“I think on the one hand, it’s been tough to see that we’re no longer at the forefront of municipal [fiber projects] in Maine,” Ryder said. But there is no single approach to creating a community fiber network. “The hope is we’ve found the right fit for Orono and Old Town.”
The project reached a turning point later in 2015 when it received a $250,000 Northern Border Regional Commission grant. That money and another $225,000 Old Town and Orono invested at the outset of the project were used to install fiber infrastructure.
Five years later, in 2020, that infrastructure was built to cover 6 miles split between the two communities.
Orono’s tax rate contributed to project delays over the years, too. Building a municipal-owned fiber network isn’t cheap — especially for a community with a high tax rate.
The town has a current tax rate of $28.09 per $1,000 of assessed value because of how many non-profit and non-taxable properties there are in town, such as the university.
“When you have 50 percent of the property owners paying for 100 percent of the services, you have to be smart about how you invest your funds,” Ryder said. “These projects are easier to do when you have a huge pot of money to start with. We’ve kind of had to ‘bootstrap it’ and figure out each step a little bit at a time and go from there.”
The pilot network passes through 400 properties within the two municipalities.
The Orono network begins on Kelley Road, then splits off onto Old Kelley Avenue and heads down Route 2, where it ends on Bennoch Road. The Old Town network picks up on Stillwater Avenue near Mahan’s Redemption Center, breaks off onto Center Street, loops around the post office and reconnects with Stillwater near Tim’s Little Big Store. It then circles part of downtown Main Street.
To connect residential and business customers, OTO Fiber needs an internet service provider and operator to install “drops” that will light up fiber to each property.
The group issued a request for proposals in December and by Feb. 2, it had selected a finalist to start contract negotiations with. OTO Fiber will pay for and own the drops — which run about $750 to $1,000 apiece — instead of putting the financial burden on property owners.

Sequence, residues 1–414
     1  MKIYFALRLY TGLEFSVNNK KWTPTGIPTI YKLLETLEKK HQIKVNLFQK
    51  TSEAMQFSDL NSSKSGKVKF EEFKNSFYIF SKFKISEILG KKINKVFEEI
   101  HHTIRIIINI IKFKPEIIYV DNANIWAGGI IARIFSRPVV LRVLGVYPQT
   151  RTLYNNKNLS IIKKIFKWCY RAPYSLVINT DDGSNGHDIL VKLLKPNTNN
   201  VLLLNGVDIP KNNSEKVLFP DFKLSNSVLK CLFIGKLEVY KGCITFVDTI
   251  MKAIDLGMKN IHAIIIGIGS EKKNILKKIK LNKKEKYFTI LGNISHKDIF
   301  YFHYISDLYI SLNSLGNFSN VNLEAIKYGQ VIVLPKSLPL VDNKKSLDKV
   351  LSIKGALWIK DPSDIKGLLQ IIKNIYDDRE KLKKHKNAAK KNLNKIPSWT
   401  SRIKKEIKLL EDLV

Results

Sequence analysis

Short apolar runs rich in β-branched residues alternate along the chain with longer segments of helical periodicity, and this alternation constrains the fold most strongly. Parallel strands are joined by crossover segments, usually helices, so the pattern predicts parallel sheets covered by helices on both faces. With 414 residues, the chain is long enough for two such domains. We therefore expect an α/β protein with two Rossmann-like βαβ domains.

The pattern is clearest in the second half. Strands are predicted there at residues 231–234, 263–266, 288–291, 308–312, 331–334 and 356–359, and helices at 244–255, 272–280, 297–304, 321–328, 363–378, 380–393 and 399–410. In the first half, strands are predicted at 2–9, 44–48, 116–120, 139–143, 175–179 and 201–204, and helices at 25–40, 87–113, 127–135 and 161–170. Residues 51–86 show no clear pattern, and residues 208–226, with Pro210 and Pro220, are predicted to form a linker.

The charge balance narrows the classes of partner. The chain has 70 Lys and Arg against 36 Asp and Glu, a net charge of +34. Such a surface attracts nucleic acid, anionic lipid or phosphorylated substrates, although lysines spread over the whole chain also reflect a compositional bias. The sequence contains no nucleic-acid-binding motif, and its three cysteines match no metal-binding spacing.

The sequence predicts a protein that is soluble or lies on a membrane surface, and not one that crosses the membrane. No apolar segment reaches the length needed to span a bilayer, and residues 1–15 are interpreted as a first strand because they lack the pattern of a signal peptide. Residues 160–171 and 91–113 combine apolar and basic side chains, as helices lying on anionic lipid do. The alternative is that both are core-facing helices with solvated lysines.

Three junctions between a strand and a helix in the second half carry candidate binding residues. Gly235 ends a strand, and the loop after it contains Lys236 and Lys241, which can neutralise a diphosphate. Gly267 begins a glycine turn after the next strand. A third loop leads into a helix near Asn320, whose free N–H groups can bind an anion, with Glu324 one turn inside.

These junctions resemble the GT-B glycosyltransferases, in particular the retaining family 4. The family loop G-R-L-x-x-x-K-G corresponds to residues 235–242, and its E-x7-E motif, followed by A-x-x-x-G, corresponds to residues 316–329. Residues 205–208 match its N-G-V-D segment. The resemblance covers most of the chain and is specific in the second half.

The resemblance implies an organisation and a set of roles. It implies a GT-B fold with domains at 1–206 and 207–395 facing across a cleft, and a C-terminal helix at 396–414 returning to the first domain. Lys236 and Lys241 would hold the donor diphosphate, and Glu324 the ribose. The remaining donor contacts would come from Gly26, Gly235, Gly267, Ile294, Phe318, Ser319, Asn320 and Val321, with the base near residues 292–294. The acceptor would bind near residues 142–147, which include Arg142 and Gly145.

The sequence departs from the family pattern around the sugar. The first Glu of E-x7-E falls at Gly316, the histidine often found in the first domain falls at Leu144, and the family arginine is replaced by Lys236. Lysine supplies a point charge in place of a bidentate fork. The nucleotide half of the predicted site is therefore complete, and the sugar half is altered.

Old Town set up a revolving loan fund to help cover these costs, according to E.J. Roach, the city’s economic and community development director. OTO Fiber would borrow from that fund to install a “drop” once a customer signs onto the network. The network would later reimburse the city.
The loan fund is set at $100,000, allowing for a large number of drops to be paid for within the first year or two, Roach said. Orono also stood up a $250,000 bond in October to connect properties to the network.
The group hopes to expand the network beyond the initial six miles, but part of that will depend on how the communities respond to fiber internet service, Roach said.
“It’s why we have a pilot project and we didn’t invest $12 million to run fiber to the entire community and then turn it on and be like, ‘oh there’s four people who have adopted this’,” Ryder said.
The network is intended to be a community asset like any other municipal service, such as road paving or sewage, OTO Fiber Network member Jeff Letourneau said. Letourneau is the executive director of Networkmaine and sits on the ConnectME Authority Board.
“The numbers sound big but not when you compare it to other municipal services,” LeTourneau said.
For instance, to install fiber in all of Old Town would cost less than $5 million — less than it would cost to repave the city, Letourneau said. “You couldn’t even begin to top coat all of Old Town’s roads for $5 million. But nobody thinks about that.”
Fiber build-out is not a cash cow, but over time the technology improves the tax base and that’s what a municipality gets out of it, he said.
“We’re all local people,” LeTourneau said. “You say you’re gonna do something, you want to be able to deliver. We’re hoping it’s not going to take very long.”